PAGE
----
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"It's Another Holocaust Mrs. Albright"
MER WEEKEND READING:
"La tastawishu tareeq el-aq, min
qilit es-sa'ireen fihi"
"Fear not the path of truth for the lack of people walking on it"
"I need to speak about Iraq because I think
there is a genocide. It's another holocaust."
MID-EAST REALITIES - www.MiddleEast.Org - Washington - 6/10/00:
A few weeks ago they honored Secretary of State Madeleine Albright at the University of California at Berkeley. George Washington University -- here in Washington, DC -- did the same a few days later. Honorary University Degrees for the first American woman Secretary of State. Who cares what her policies are. Who cares how much human suffering and misery she is responsible for. Who cares how much blood is shed, how many tears dropped, how much carnage results. How revolting this whole mindset; especially coming from the major centers of learning and education in today's America.
University administrators, especially at the better universities, have become all too entwined with today's political and financial power structure in the US. The old values of academic integrity, intellectual honesty, and humanistic concerns, have been tragicly replaced with the mentality of hussling businessmen, stock-market manipulators, and "yes men". Education has more and more become just another money-making enterprise; just one more institution sucking up to those with the power and the bucks. And government has more and more added a hodge-podge of strings and "incentives" to how universities functions, what students learn, and who gets the all-important government grants.
At GWU a very thoughtful and courageous lone sophomore, of Indian Muslim background majoring in communications, got up with a sign to protest Madeleine's genocidal proclivities toward Iraq -- but none of the professors educating her had even mentioned to her the name Noam Chomsky. Also at GWU a brave professor delivering the faculty address warned all of America's dangerous hubris and rampant nationalism. Madeleine sat through it, said not a word, few noticed or understood, worst of all very few seemed to care.
At Berkeley Madeleine and university administrators got together and figured out she should't sit through the upcoming speech by the distinguished history major Fadia Rafeedie - a brilliant graduate headed toward Yale Law School and of Palestinian descent. Even though Rafeedie's speech had been "read and approved" in advance, it was decided the schedule would be changed at the last moment, Madeleine would speak before Rafeedie and then be gone -- not the way these things are usually done at all.
But so it was.
And so in proper response Fadia Rafeedie put aside her long and carefully prepared remarks (unlike Madeleine by the way who gave the same speech with the same cheap jokes at both Berkeley and GWU) and said the following which we should all take to heart:
Thank you, that was way too generous, Chancellor Berdahl. It makes me sound, you know, a lot better than I am. I had a speech and it's right here.
It took me so long to draft it and I kept re-drafting it, and this morning I changed it again, but I'm just going to put it to the side and I'm going to talk from my heart because what I witnessed here today, I have mixed feelings about.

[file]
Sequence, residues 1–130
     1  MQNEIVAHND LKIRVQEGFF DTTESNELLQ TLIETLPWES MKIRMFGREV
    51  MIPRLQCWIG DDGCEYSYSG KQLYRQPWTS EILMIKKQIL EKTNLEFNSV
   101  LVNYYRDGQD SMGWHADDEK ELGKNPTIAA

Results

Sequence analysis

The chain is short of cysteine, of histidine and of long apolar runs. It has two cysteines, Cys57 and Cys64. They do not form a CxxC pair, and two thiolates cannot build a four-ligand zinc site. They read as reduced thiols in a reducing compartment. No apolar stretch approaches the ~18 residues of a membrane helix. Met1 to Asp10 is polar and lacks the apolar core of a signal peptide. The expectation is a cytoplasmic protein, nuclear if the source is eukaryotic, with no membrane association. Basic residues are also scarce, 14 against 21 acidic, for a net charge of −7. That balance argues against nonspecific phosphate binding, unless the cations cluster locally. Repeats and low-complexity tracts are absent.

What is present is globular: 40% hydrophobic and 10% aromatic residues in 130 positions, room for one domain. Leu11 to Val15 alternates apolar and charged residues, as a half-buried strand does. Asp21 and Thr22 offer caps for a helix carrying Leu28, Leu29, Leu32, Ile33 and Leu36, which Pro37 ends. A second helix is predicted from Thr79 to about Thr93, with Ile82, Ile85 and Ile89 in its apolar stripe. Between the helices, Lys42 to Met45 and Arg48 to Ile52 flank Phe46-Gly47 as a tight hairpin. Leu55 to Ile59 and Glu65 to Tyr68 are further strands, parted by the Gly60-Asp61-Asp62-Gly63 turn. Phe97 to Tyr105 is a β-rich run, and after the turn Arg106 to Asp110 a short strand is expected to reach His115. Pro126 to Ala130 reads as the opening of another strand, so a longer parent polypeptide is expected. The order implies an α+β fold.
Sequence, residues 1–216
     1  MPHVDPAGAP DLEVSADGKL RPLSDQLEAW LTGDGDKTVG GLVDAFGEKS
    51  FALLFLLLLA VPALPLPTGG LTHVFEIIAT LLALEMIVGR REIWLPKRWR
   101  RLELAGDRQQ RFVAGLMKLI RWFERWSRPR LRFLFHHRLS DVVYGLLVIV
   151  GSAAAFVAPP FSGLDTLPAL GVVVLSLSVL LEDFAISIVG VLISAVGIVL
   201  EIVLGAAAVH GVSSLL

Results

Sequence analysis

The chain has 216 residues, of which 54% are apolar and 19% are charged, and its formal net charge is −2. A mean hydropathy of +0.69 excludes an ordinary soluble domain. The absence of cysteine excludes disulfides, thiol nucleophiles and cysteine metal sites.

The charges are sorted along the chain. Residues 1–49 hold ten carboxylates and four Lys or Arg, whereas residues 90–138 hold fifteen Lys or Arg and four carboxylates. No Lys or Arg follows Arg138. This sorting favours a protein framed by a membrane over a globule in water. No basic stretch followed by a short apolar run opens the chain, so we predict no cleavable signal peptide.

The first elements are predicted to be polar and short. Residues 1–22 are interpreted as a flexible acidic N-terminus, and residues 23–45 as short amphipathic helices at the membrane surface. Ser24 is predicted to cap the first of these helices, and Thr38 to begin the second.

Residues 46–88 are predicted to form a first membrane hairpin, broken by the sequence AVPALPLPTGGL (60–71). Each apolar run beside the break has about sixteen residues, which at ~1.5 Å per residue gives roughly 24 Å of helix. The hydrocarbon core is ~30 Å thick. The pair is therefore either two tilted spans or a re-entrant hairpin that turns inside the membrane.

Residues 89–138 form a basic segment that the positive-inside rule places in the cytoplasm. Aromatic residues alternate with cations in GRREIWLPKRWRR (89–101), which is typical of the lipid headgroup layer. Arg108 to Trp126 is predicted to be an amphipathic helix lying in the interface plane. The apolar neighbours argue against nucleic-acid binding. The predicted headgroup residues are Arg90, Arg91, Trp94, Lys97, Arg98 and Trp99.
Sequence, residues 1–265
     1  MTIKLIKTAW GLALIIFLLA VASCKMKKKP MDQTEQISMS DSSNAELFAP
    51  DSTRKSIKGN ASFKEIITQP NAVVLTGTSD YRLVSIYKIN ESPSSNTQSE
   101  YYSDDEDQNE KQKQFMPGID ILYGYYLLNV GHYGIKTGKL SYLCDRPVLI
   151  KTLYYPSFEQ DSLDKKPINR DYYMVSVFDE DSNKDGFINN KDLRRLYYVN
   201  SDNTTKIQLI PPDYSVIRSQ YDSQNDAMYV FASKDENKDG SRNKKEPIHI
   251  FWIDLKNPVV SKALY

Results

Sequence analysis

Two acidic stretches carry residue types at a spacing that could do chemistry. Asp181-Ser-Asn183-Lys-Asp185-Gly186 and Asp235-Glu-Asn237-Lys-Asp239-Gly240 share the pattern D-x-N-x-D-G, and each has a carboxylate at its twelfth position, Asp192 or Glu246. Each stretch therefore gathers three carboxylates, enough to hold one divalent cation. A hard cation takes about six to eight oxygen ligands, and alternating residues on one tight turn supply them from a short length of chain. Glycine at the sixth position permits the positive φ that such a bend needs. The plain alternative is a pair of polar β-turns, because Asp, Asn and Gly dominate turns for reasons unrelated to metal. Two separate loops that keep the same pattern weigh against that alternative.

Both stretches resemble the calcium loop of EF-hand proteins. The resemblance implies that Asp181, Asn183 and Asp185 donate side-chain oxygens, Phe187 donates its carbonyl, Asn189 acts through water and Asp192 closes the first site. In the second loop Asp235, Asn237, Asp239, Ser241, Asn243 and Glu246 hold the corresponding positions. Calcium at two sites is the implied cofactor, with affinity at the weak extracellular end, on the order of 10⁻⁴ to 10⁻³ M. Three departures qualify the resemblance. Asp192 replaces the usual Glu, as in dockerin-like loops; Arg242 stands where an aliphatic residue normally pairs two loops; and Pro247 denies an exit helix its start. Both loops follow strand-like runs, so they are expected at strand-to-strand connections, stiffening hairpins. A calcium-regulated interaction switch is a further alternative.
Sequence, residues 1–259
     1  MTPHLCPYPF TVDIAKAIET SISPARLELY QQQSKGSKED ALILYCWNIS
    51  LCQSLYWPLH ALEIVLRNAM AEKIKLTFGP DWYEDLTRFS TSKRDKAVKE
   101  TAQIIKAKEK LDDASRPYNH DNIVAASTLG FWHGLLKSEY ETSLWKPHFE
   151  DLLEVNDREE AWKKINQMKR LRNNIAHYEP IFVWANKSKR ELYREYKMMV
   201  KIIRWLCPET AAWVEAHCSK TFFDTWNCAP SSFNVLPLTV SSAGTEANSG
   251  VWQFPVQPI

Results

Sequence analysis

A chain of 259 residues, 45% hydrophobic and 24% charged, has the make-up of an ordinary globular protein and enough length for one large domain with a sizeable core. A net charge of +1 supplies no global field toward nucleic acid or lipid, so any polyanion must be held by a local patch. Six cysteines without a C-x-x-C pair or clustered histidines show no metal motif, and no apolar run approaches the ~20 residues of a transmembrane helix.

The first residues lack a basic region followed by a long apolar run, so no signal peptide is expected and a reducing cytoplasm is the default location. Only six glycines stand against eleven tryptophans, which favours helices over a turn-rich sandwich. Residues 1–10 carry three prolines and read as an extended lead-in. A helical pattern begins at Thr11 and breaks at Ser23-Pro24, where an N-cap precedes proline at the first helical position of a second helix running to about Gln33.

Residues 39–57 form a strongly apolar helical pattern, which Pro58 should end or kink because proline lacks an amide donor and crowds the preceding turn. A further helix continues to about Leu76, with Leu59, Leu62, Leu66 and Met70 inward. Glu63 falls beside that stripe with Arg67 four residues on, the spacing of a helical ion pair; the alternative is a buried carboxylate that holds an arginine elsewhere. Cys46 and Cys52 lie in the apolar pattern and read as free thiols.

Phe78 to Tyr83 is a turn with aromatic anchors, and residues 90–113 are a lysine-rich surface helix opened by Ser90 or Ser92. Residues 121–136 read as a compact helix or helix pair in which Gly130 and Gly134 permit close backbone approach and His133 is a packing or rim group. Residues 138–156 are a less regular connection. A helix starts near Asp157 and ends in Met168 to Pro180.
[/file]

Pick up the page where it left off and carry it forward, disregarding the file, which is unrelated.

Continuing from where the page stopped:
I don't know why I'm up here articulating the viewpoints of a lot of my comrades out there who were arrested, and not them. It's not because I got, you know, straight A's or maybe it is. Maybe that's the way the power structure works, but I'm very fortunate to be able to give them a voice. I think that's what I'm going to do, so if you give me your attention, I'd really appreciate it.
I was hoping to speak before Secretary Albright, but that was also a reflection of the power structure, I think, to sort of change things around and make it difficult for people who are ready to articulate their voice in ways they don't usually get a chance to.
So I'm going to improvise, and I'm going to mention some things that she didn't mention at all in her speech but which most of the protesters were actually talking about. You know, I think it's really easy for us to feel sorry for her, and I was looking at my grandmothers who are actually in the audience - my grandmother and her sister - who weren't really happy with all the protesters, and I think they thought that wasn't really respectful of them, and a lot of you didn't, I don't think, because you came to hear her speak. But I think what the protesters did was not embarrass our university. I think they dignified it.
Because secretary Albright didn't even mention Iraq, and that's what they were here to listen to. And I think sometimes NOT saying things not mentioning things - is actually lying about them.
And what I was going to tell her while she was sitting on the stage with me, I was going to remind her that four years ago from this Friday when we were freshmen, I heard her on 60 Minutes talking to a reporter who had just returned from Iraq.
The reporter was describing that a million children were dying [died] due to the sanctions that this country was imposing on the people of Iraq. And she told her, listen, "that's more.. children than have died in Hiroshima and Nagasaki. Do you think the price is worth it?" [Albright] looked into the camera and she said, "the price is worth it.